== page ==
Debt. Most of us are familiar with it. Used wisely, it can help generate equity, build your credit score and even prepare for the future. From mortgages and credit cards to car and student loans, the New York Fed reported Americans’ overall debt reached $13 trillion in 2017. To avoid being bogged down by too much debt, you should know the details of your current financial situation. Think carefully before jumping into the wide, wide world of debt.
The 50/15/5 Rule
It may be a good idea to follow the 50/15/5 Rule when it comes to your debt. Simply stated, no more than 50% of your take home pay should go toward essential living expenses. This includes housing, transportation, food, child care and insurance. 15% should be set aside for retirement savings and 5% of should go to short-term savings.
Types of Debt
There are basically two types of debt: installment and revolving. Installment debt covers loans for things like your house or car, and student loans. Revolving debt covers things like credit cards. The primary difference is that installment loans have a set period of time while revolving debt can be potentially carried forever.
Installment debt is usually preferable because it may provide tax deductions in certain situations. Also, it doesn’t usually affect your credit score the same way revolving debt can. For instance, the amount of credit card debt you carry versus the amount of credit you have available is called credit utilization. Credit utilization is a significant part of your overall credit score.
Regardless of the type of debt you carry, the real difference between “good” and “bad” debt is how you use it and your ability to repay it.
Your house is probably the most expensive purchase you will ever make. And more than likely, you will have to take out a mortgage to afford it. Most experts agree your housing expense shouldn’t be more than 30% of your take home income. (Housing falls under the “50” in the 50/15/5 Rule discussed above.) Others contend your house should cost between 3 and 4 times your annual salary.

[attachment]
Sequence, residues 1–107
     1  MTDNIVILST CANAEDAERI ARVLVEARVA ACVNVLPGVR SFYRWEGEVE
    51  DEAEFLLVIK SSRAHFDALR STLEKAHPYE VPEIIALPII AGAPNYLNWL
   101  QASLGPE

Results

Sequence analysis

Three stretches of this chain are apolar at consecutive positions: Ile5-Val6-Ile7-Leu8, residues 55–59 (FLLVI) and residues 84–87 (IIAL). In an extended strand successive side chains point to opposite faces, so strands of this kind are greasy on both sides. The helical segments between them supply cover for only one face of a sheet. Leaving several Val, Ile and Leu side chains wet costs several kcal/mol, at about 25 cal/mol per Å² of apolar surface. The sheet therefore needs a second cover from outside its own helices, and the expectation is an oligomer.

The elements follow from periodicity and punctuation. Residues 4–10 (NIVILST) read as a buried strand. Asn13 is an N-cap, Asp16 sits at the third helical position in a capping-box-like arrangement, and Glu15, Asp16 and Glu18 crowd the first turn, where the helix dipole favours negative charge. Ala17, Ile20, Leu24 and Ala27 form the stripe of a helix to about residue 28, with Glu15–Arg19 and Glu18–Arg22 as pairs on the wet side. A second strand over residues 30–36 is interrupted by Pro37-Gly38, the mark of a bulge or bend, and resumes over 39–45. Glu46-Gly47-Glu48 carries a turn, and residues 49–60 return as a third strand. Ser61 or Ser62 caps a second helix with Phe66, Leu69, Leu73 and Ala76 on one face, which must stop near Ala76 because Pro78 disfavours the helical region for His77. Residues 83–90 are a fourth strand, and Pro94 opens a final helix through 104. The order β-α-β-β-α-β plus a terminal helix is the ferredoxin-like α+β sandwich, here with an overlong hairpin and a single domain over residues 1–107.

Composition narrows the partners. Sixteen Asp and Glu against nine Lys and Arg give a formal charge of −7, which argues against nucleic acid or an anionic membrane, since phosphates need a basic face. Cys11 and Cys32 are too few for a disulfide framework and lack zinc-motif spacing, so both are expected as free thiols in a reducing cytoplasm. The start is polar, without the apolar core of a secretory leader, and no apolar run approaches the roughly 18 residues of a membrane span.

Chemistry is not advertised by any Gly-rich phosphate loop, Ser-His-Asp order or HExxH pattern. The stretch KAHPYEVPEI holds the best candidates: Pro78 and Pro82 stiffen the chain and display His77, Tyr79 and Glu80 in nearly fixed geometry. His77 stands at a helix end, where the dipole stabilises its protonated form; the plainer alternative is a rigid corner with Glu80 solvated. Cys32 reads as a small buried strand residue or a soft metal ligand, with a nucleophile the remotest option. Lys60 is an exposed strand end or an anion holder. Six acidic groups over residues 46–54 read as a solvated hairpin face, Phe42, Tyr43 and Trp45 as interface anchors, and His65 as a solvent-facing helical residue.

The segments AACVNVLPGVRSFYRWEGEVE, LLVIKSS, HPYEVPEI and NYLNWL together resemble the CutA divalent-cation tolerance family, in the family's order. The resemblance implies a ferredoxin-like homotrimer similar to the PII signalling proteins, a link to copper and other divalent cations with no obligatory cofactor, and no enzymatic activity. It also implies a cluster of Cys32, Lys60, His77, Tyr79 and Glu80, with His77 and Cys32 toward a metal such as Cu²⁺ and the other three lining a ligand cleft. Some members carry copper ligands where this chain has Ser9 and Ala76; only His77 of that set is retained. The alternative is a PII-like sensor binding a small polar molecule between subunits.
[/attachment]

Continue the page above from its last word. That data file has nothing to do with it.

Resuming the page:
If you’re buying your first house and don’t have a large savings account, the Federal Housing Administration (FHA) offers a program that requires as little as a 3% down. Under the program, the FHA guarantees your loan. However, you have to pay extra for the guarantee. This installment loan can last for 15 or 30 years.
If you’re a member or eligible surviving spouse of a member of the U.S. Military, you may be able to secure a VA Loan. The Veteran’s Administration will back your loan and may not require a down payment if the sales price is equal to or less than the appraisal value. Another benefit is that private mortgage insurance (PMI) isn’t required. This installment loan can last for 15 or 30 years.
Conventional loans aren’t insured by the government like FHA and VA loans. If your down payment is less that 20% of the purchase price, you will be required to purchase private mortgage insurance (PMI). PMI can be expensive and is an on-going annual expense until your loan-to-value ration hits 80%. Once that happens, PMI is no longer necessary. This installment loan can last for 15 or 30 years.
If you have good credit with the ability to make the loan payment, you might consider an interest-only loan. With this installment loan, you pay interest on the mortgage for a term of 5 to 10 years. Once the interest-only term is up, monthly payments increase. The new payment is based on the loan balance and interest over the remaining years of the life of the loan. Many people either refinance or move at the end of the initial interest only period to avoid the increase.